The Do’s and Don’ts of buy-to let investing

The buy to let industry as seen quite a change in recent years.  It’s no longer strictly for the professional investor since landlords now come in a range of shapes, sizes and ages.  The newest group to the profession seems to be savers or baby boomers, who, finding they have a little extra money to play with due to the recent annuity changes, want a solid investment opportunity without having to play the stock market.  Since low interest rates no longer reward savers, many are finding that the buy to let market yields more rewards in retirement and in doing so are moving their money away from banks and putting it into bricks and mortar. To the uninitiated, this sounds easy enough.  But, like anything, it’s not all plain sailing with a round of golf in between. There are some dos and some don’ts that should be followed – so here are a few tip from Battersea estate agent, Eden Harper to get you started.

Don’t rush

Whatever you do, don’t rush into any investment.  What you are looking for is a property that will increase in value over time and bring in a nice little monthly cash benefit.  These days very few people will be paying in cash, so taking the time to get a good mortgage broker is key and also worth every penny you spend. If you find someone who is independent, they can access many more mortgage deals than those who aren’t. For example, this year alone there are a total of 655 mortgage buy to let deals available. Take your time, and find the one that suits you best.

How much can you borrow?

Start really looking into your personal finances and find out what you can easily borrow. Once you know this you can extend your research and find out where you would like to buy a property and also if you want to do the job yourself or whether you need to find yourself a letting agent.  This could be key for you, since you may want to invest outside of your area because prices are lower, but this will mean you will need someone to take care of the daily tasks – particularly if it is too far for you to travel just to fix a washing machine.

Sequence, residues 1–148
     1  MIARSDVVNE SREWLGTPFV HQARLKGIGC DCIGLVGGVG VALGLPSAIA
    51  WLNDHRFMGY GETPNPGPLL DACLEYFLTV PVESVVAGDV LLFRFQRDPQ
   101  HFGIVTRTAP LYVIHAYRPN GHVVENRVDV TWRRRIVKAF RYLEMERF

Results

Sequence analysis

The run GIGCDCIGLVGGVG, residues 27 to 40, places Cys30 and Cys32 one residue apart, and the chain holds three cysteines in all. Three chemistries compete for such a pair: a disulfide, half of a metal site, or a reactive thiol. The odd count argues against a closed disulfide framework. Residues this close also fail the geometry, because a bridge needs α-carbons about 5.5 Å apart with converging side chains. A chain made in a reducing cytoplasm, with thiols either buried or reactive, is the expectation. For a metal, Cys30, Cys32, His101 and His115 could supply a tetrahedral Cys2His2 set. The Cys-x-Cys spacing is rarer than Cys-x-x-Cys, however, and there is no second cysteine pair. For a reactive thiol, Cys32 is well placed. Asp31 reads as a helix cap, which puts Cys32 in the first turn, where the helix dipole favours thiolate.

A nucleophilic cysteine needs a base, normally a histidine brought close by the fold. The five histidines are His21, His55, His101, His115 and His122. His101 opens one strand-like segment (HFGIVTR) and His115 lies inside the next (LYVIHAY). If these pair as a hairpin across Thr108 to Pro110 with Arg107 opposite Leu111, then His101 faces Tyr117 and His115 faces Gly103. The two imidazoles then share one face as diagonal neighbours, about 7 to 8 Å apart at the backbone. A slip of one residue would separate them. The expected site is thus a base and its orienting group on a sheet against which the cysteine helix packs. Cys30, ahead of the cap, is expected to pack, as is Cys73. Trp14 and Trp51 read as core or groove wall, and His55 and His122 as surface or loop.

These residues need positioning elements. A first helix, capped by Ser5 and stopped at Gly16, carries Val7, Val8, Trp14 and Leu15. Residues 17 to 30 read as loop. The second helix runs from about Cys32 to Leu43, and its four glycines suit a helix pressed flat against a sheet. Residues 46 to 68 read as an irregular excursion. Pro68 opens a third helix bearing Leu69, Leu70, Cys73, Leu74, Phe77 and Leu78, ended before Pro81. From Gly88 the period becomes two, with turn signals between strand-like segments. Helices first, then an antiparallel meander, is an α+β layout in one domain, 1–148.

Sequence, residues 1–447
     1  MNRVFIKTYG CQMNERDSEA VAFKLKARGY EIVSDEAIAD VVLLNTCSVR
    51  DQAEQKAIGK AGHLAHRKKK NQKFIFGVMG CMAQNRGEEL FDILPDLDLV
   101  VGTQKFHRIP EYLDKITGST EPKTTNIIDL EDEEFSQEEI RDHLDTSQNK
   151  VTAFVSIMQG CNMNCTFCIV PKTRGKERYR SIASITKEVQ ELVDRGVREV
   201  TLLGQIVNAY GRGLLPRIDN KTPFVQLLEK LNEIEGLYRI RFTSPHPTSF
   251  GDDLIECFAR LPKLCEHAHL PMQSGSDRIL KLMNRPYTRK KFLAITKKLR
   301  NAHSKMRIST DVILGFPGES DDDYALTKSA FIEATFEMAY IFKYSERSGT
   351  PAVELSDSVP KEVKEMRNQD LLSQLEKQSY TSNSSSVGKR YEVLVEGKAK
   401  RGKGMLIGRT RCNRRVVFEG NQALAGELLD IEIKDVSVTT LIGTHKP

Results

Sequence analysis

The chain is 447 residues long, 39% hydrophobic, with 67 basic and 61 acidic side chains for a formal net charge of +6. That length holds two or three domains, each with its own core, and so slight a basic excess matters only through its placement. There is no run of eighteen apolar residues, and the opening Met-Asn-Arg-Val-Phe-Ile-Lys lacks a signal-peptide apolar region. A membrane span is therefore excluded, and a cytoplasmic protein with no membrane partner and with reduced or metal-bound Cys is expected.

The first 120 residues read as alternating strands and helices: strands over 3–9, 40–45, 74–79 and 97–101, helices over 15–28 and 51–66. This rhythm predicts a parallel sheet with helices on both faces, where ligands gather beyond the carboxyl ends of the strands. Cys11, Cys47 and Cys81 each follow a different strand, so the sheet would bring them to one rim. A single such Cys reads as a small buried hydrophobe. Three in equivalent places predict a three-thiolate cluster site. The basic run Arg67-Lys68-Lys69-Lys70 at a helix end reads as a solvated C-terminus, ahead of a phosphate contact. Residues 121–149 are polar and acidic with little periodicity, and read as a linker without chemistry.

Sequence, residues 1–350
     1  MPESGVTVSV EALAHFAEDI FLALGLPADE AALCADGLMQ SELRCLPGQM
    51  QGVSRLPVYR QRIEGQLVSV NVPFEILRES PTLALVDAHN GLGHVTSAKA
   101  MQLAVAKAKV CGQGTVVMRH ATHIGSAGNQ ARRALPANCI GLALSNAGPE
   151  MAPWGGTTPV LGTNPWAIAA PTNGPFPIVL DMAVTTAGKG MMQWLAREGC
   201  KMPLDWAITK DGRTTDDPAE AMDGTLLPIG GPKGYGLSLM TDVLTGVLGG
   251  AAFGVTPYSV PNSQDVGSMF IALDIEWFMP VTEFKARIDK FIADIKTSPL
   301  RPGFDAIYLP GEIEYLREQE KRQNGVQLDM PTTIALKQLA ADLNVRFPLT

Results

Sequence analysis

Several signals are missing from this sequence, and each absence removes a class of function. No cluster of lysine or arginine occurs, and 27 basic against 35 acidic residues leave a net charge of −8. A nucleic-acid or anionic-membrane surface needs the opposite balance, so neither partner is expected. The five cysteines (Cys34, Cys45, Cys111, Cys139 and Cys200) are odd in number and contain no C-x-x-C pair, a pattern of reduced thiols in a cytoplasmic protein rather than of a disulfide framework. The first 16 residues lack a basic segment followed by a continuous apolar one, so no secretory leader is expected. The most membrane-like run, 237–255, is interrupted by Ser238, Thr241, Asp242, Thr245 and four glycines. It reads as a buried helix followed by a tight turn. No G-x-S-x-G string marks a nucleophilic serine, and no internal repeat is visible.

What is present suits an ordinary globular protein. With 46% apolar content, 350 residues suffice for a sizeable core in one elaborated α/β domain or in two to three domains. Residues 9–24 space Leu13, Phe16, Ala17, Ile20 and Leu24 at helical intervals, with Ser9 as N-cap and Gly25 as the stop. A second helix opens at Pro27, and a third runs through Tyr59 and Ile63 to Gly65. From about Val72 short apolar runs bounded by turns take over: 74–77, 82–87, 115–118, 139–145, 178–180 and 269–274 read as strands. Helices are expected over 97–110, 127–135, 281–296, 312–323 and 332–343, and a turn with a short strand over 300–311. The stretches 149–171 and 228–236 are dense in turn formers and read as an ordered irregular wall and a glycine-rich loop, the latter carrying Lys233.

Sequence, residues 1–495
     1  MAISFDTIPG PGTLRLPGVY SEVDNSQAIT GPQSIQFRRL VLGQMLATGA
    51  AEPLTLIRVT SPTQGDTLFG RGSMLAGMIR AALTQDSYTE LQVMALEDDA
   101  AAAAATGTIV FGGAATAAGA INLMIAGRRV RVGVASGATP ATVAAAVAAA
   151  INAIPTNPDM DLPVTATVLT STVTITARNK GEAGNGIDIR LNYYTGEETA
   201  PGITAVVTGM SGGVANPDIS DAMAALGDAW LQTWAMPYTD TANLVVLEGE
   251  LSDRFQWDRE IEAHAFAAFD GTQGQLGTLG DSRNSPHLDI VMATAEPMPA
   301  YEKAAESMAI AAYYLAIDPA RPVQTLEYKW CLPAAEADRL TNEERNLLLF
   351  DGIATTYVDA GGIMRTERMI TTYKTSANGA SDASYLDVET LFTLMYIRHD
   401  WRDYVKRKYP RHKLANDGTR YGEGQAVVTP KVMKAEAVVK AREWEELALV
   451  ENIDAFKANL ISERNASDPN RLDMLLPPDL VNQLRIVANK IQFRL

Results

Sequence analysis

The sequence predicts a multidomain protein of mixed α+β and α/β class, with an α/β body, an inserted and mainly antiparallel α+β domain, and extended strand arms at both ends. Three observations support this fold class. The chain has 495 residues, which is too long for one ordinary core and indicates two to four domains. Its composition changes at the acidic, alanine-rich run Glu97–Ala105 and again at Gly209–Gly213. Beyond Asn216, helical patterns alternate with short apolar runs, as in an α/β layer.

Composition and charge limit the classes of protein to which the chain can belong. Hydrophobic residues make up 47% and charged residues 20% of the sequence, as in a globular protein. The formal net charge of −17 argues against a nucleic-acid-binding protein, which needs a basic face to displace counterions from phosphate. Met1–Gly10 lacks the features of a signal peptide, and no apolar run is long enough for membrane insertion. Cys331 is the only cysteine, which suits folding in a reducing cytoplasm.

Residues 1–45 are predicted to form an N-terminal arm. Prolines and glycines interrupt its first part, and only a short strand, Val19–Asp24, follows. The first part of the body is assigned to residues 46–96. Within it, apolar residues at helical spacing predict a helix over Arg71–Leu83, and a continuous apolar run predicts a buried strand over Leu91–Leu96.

Target market

Remember different areas attract different types of tenants.  If, for example it’s a university town you may want to consider the property as a place for students therefore you would rent out rooms at a particular rate.  Or if you want to attract a family you may want to refurnish the place or give it a revamp and thus the property would be marketed as a whole rather than split into rooms.  Spend time looking into what the going rate is for a room, flat, or whole house in your area.  This will give you a good idea of what you can charge and what the returns will be.

Take notes!

It may sound obvious, but carry a pen and notepad to every viewing.  You need to be able to remember what was good/bad about a property and how likely the owners will negotiate on price.  If someone needs a quick sale, you may be in luck and be able to knock a couple of thousand pounds off the price, but if the sellers are desperate to upgrade they may be less likely to cut the price because he/she need a particular four-bedroom house in Surrey for example.

Try to remember that buy to let mortgages require higher deposits (typically 25% of the whole cost of the property) so it’s not always easy to get a good deal. Whilst other mortgage deals look at your income, these types of deals are based on your yearly rental income; but it would be advisable that you take home at least £25, 000 per year just in case there are any unforeseen expenses.

 

 

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